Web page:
I’ve just seen this post from Colin Beveridge  (@icecolbeveridge) answering this question: Naturally I had a go at it before reading Colin’s solution. When I read his I found a lovely concise solution that we slightly different to mine, so I thought I’d share mine.

I started by just drawing a right angled triangle from the centre of the circle like so. I seem to have cut off the denominator of 6 on the angle there. I know that the hypotenuse is 12-r (where r is radius) and the side opposite the known angle is r.

This means I can use the sine ratio of pi/6 to get

r/(12-r)  = 1/2

2r = 12 – r

Then

3r = 12

r = 4

Which is the same as Colin got.

I’ve seen questions like this on A level papers before and I know they often throw students, so I make sure I explore lots of geometry based problems and puzzles to combat this. I’d be interested to know which way you would approach this. Colin and I used a very similar approach, just differing in the point at which we introduced the 12. Which way did you do it?

Categories: A Level, Maths Tags: , , ,

## Proving Products

June 26, 2017 1 comment

Just now one of the great maths based pages I follow shared this: So naturally I figured I would have a go. I thoughts just get stuck in with the algebra and see what happens, normally a good approach to these things.

My first thought was that if I use 2n – 3, 2n -1, 2n + 1 and 2n +3 then tgere would be less to simplify later. I know that (2n + 1)(2n – 1) = 4n^2 – 1 and (2n – 3)(2n + 3) = 4n^2 – 9 so I multiples these together.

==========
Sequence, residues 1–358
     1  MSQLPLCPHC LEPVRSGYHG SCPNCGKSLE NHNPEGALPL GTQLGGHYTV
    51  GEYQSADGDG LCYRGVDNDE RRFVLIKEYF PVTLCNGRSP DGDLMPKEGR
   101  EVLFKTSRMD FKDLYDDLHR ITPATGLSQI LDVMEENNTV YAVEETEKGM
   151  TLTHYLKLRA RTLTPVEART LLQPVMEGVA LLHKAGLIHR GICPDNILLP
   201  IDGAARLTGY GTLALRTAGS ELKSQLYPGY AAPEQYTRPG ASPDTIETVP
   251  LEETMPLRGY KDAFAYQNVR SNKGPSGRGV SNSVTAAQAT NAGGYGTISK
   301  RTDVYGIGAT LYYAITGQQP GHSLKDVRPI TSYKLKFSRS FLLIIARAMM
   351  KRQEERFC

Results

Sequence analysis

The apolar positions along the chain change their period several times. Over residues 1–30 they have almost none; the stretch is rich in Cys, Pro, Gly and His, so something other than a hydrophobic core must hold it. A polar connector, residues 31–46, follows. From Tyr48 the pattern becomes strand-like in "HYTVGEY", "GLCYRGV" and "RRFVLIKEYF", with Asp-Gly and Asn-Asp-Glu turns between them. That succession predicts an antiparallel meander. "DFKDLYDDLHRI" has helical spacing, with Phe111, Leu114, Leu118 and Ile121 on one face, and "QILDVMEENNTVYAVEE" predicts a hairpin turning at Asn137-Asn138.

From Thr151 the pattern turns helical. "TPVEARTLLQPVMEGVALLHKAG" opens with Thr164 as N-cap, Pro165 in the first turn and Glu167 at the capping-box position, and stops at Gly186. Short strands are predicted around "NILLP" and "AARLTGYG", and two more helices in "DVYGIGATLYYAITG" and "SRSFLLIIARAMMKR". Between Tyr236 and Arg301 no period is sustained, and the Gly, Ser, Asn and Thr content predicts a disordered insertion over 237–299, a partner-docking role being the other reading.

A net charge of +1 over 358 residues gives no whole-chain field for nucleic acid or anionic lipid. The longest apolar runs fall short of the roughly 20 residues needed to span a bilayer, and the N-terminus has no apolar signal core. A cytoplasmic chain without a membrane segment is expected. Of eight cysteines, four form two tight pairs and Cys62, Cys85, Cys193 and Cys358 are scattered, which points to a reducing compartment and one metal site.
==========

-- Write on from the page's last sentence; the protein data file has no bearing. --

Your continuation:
(4n^2 – 1)(4n^2 -9) = 16n^4 – 40n^2 + 9

I thought the best next move would be to complete the square:

(4n^2 – 5)^2 – 16

This shows me that the product of 4 consecutive odd numbers is always 16 less than a perfect square and as such that the product of 4 consecutive odd numbers plus 16 is always a square.
(4n^2 – 5)^2 – 16 + 16 = (4n^2 – 5)^2
A nice little proof to try next time you teach it to your year 11s.

Categories: A Level, Teaching

## Infuriatingly impossible exam questions

Today I was working on some Vectors exam questions with my Y13 mechanics class and I came across this question:  I have recreated is incorrect working.

Obviously he had found out when the ship was at the lighthouse, instead of 10km away. I explained this to him and started to explain how he should have tackled this when a sudden realisation angered me.

Now for those if you that didn’t work through the question, here is the actual answer: Can you see what had me infuriated?

This is an impossible answer! If the lighthouse is on the trajectory of the ship and it will hit said lighthouse at t=3 then that would stop the ship! At the very least it would slow it down!!!! In reality it would have to avoid the lighthouse and change trajectory. Meaning the second answer, T=5, would not happen under any circumstances!

My initial thought was: “are they expecting students to spot this and discount the second answer? That’s a bit harsh.”

So I checked the markscheme: Nope, they are looking for both answers. Argh! I can understand using a real life context in mechanics, I really can. But why not check for this sort of thing!

What do you guys think? Is this infuriating or am I just getting get up over nothing? I’d love to hear your views in the comments or via social media.